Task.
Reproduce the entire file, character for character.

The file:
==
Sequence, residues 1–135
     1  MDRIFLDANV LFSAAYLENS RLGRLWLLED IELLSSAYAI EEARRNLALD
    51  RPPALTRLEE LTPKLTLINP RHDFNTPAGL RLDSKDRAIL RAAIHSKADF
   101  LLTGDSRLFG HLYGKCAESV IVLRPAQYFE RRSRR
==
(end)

Sequence, residues 1–135
     1  MDRIFLDANV LFSAAYLENS RLGRLWLLED IELLSSAYAI EEARRNLALD
    51  RPPALTRLEE LTPKLTLINP RHDFNTPAGL RLDSKDRAIL RAAIHSKADF
   101  LLTGDSRLFG HLYGKCAESV IVLRPAQYFE RRSRR